Thursday, November 25, 2010

Søren Kierkegaard and Faith Development 3/3

Continuing Hirsch and Frost's insight to faith development using Søren Kierkegaard they refer to a movement from a 'move from self-love, to love of others, to love of God' which then helps in our relearning to 'love self and others properly by loving God truly'.

This third stage is known as The Religious Stage:
"At this stage, the individual realizes that the eternal, ultimate good is not a static system of ethical rules, but a real, living being. One discovers that "there’s someone more to life". When an individual stands before God he no longer sees himself as self-sufficient. He recognizes his own inability to transform himself. The religious person strives to allow himself to be transformed by God. Thus one who lives in the religious stage lives in faith-upheld obedience to God. Since one’s commitment is to a living God, one must at times set aside social conventions (go against the flow), and even "suspend the ethical" for the sake of living in faith."
Faith Development's failure for me is in the description. H&F help us to understand the danger of perceiving these stages as a 'simple linear progression', the use of the word 'stage' does not help as the inference is one of progression. However, in the same way that there are implications in the way adults think as they mature, there are implications for our faith if our faith is to remain dynamic and we are to understand more of the depth, breadth and height of the God beyond our comforting notions. The transformation from inner selfishness to selflessness involves a rugged journey as we discover what it is to flourish and be human.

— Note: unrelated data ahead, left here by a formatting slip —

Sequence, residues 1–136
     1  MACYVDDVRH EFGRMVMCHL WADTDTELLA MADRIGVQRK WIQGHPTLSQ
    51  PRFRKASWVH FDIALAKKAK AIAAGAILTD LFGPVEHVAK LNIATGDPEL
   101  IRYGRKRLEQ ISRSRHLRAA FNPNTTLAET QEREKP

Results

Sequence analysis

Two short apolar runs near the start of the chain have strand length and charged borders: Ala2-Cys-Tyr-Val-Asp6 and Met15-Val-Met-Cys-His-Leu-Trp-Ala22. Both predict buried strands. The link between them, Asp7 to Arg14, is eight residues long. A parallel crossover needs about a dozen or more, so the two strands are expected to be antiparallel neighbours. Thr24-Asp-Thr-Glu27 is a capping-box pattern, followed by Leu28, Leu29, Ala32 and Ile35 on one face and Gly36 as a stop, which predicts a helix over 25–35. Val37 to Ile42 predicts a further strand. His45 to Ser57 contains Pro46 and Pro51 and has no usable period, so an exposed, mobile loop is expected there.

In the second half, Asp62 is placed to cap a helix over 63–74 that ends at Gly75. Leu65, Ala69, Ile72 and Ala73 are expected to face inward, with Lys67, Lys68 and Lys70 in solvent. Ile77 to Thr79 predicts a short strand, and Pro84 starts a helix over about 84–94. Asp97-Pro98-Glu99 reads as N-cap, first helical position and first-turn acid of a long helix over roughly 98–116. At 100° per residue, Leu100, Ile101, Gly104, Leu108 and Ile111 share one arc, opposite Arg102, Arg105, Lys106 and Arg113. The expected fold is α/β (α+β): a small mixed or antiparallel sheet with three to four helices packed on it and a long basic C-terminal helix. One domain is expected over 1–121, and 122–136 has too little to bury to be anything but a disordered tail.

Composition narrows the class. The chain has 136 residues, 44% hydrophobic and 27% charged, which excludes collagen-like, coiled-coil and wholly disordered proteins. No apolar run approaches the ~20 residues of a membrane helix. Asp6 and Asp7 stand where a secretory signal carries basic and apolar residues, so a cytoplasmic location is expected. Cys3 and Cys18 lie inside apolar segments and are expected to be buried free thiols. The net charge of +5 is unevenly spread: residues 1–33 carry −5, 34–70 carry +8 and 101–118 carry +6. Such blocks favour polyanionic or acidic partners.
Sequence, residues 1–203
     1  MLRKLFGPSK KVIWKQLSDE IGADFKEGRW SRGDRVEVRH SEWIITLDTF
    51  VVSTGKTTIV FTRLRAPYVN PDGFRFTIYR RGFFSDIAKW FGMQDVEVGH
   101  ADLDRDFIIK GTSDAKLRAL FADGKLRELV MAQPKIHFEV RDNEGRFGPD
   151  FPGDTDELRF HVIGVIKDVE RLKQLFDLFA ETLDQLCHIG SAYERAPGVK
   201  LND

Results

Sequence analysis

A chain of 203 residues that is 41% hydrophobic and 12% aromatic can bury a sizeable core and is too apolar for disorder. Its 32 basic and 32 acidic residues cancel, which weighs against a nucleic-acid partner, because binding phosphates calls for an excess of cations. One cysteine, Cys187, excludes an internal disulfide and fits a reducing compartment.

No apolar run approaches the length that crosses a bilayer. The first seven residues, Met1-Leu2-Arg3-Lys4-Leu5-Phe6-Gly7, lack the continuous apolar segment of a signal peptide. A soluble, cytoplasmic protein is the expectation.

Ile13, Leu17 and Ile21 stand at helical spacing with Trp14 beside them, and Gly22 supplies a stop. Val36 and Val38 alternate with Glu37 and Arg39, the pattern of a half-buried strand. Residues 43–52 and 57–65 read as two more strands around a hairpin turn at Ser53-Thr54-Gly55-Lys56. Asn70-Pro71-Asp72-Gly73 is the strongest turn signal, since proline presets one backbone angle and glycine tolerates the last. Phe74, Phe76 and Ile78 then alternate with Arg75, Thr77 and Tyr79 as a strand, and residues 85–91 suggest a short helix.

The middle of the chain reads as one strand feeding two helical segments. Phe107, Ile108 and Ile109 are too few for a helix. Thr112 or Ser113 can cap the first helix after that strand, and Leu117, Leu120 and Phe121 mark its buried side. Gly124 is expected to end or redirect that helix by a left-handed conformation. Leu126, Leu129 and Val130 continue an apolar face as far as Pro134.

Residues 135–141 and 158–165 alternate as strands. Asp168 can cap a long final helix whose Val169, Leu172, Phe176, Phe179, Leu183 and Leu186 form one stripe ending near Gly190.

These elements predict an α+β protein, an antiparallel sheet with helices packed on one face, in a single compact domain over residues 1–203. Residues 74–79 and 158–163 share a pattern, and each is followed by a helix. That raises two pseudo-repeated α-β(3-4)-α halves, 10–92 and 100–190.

"... the real challenge of evolving into true humanity lies in the fact that the person must deliberately and courageously choose to engage the risks of life, negotiate personal crisis, bravely confronting even despair when necessary, in order to move from one stage to another."
I'm looking forward to being able to reference H&F properly when their  book is published.

Hirsch, A. and Frost, M. (2011) The Faith of Leap: A Theology of Adventure and Risk and the Implications for Discipleship, Mission, Leadership, and the Church.


Søren Kierkegaard and Faith Development 1/3
Søren Kierkegaard and Faith Development 2/3

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